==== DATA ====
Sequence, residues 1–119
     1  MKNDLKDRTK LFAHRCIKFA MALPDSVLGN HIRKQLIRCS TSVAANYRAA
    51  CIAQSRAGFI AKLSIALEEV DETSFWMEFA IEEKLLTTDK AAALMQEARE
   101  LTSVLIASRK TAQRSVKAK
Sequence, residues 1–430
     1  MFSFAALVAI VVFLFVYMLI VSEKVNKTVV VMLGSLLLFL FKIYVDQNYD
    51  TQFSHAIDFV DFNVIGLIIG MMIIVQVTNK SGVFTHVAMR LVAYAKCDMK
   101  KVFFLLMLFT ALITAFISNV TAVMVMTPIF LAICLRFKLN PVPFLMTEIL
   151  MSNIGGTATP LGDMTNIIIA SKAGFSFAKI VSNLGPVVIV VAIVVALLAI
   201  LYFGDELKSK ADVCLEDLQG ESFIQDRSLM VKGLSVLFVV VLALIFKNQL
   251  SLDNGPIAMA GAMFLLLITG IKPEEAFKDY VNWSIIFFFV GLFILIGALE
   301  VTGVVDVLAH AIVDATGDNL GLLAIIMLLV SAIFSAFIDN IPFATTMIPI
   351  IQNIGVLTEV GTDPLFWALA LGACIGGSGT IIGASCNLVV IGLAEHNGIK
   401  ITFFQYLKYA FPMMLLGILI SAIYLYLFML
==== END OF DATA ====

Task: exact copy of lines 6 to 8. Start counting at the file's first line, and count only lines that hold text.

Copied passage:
     1  MFSFAALVAI VVFLFVYMLI VSEKVNKTVV VMLGSLLLFL FKIYVDQNYD
    51  TQFSHAIDFV DFNVIGLIIG MMIIVQVTNK SGVFTHVAMR LVAYAKCDMK
   101  KVFFLLMLFT ALITAFISNV TAVMVMTPIF LAICLRFKLN PVPFLMTEIL